This is a quick, affordable and healthy soup recipe. Perfect for a main meal (lunch or dinner) with a side of toasted sourdough or grain bread. OR it works well as an alternative to your usual afternoon tea.
If witching hour is hindering your plans for making meals all in one go, you can prep some of this recipe ahead of time. At some point in the morning or afternoon, crush the garlic and dice the celery and tomato. Store them together in an airtight container in your fridge. Save more time by boiling the kettle as soon as you are ready to start making the soup. This way you aren’t waiting for the water to get to the boil in the saucepan.
For seasoning, I used a pinch of dried oregano (no salt, no pepper). However, you can use a huge variety of flavours. I found the sweetness of the celery came through wonderfully.
- 1 fillet of Basa fish (or other thin fillet of white fish)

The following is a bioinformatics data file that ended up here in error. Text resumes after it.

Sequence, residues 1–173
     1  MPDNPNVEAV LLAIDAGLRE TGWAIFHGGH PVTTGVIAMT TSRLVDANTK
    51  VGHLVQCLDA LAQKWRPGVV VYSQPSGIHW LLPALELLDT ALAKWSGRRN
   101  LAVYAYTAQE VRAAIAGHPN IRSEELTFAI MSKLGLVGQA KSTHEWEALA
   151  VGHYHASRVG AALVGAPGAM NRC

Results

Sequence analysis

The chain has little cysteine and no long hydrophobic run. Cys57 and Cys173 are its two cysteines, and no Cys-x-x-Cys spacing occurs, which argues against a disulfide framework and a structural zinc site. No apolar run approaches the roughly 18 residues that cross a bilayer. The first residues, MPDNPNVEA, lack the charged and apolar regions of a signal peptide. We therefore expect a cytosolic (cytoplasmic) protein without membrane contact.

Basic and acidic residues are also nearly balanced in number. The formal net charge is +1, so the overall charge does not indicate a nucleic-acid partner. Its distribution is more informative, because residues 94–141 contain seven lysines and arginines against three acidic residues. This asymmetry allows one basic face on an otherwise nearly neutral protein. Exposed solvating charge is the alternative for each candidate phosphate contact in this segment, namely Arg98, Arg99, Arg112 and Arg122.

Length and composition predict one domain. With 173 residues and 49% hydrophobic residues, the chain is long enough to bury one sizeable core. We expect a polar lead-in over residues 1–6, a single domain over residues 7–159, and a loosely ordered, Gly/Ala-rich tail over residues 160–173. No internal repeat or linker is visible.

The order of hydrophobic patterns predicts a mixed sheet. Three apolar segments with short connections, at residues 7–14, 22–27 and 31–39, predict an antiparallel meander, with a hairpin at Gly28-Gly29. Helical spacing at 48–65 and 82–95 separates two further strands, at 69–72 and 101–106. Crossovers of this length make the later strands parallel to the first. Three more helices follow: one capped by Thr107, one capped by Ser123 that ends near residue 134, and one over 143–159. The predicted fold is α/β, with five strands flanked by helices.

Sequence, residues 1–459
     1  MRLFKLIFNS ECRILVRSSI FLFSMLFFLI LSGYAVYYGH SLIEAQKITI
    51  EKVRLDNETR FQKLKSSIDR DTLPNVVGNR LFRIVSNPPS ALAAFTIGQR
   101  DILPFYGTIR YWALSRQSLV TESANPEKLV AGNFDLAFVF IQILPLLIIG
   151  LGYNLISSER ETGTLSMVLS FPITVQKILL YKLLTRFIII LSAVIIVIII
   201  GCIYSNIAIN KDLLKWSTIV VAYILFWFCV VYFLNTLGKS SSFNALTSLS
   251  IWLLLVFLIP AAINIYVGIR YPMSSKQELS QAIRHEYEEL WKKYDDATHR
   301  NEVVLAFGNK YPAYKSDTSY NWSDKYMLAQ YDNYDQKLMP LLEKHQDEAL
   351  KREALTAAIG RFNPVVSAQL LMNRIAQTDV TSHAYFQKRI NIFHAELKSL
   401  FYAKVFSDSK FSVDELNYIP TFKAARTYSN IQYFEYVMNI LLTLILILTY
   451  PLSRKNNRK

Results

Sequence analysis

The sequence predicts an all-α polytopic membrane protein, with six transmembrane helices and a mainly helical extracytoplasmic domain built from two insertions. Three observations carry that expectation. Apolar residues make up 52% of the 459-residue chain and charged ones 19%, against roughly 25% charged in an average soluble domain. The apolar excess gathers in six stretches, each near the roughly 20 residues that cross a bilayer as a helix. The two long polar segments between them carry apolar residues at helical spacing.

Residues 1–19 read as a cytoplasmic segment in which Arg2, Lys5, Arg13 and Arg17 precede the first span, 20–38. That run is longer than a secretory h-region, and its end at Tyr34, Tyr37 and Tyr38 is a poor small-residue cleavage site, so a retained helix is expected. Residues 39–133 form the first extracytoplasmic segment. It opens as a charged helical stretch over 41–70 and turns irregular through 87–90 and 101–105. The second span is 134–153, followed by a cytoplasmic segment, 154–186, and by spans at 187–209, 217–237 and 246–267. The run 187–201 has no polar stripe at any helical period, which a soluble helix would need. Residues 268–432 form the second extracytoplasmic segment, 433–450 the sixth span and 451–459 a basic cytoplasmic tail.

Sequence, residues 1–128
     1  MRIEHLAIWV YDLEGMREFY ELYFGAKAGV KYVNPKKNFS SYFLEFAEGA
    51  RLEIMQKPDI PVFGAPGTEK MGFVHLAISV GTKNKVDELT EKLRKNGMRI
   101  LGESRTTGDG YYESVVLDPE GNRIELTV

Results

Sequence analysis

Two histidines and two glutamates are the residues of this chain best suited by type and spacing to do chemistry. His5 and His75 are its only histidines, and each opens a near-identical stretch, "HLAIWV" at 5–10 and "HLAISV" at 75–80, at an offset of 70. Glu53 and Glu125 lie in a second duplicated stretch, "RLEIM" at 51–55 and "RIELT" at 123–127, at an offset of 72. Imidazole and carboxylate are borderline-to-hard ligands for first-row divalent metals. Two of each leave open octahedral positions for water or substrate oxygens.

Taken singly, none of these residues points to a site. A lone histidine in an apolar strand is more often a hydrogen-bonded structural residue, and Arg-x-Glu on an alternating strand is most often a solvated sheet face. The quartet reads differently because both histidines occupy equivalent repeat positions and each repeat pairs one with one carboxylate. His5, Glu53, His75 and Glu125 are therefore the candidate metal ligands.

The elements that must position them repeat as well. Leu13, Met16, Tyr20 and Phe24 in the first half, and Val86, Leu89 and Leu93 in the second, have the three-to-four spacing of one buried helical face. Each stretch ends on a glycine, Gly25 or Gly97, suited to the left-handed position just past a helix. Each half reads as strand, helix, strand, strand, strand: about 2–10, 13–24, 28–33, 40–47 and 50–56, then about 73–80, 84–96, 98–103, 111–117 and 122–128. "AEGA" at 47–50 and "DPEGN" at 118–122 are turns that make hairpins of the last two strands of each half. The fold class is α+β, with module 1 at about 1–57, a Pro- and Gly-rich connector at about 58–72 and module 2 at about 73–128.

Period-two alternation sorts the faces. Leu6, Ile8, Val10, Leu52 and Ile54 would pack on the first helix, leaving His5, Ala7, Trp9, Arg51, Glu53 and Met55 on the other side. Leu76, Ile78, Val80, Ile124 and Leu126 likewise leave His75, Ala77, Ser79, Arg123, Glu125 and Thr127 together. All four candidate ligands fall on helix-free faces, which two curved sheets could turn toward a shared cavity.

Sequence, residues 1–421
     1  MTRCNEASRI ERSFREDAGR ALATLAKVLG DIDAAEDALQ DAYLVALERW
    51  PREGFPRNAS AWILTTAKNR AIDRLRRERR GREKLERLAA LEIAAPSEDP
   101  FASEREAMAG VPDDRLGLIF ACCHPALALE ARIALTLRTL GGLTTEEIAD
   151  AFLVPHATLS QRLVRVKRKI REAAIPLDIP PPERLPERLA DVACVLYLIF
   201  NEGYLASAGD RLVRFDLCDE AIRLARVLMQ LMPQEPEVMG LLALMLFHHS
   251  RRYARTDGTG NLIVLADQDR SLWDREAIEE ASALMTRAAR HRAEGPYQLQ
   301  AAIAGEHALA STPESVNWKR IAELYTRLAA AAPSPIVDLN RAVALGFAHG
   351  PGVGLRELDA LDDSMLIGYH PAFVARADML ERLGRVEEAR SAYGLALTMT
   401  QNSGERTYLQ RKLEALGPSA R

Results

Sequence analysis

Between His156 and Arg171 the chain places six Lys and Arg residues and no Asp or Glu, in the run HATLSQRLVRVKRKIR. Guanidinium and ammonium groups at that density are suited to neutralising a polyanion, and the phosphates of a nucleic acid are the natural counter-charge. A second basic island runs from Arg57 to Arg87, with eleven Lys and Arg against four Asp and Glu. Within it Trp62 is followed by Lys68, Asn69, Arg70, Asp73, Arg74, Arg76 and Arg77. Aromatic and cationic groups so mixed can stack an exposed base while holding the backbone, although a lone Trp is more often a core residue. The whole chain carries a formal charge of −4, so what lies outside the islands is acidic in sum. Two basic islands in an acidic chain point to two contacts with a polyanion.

- 1 clove of garlic, crushed
- 1 stalk of celery, diced
- 2 fresh tomatoes, diced
- olive oil (for sauteing)
- 3 cups of water (pre-boiled makes it quicker)
- Seasoning options: salt, peper, dried herbs, fresh herbs, spices - there is no limit on the combinations!
- Sautee your garlic and celery with olive oil in a saucepan for 2-3 minutes
- Add tomato and water and then bring to the boil
- Add the fish and your preferred seasoning, return to the boil and then turn down to simmer for 10 minutes
- Once the fish is cooked use a spoon to break apart the flesh and then spoon out to be served
Do you think your kids could help put this one together with you? Have you read about the ways we can improve emotional regulation skills and organisation skills by including children in food prep?
Further Fussy Eater Soup Serving Suggestion:
- If you child likes the broth, strain some broth into a small bowl for them.
- If your child doesn’t like the liquid, give them some strained portions of fish in a learning bowl to the side of the meal.
If you look carefully in the pic, you’ll see my reflection with my babe in arms – so this is very much a recipe for all of us one handed cook’s!
If your child is struggling with the smell of fish – I’ve written about that here!
We also use this recipe in our Your Feeding Team examples of how to improve a fussy child’s reception to fish. We start with fish fingers and wound up here using FOOD CHAINING. If you’d like to work with 3 international professionals to support you feed your child, check out our work here!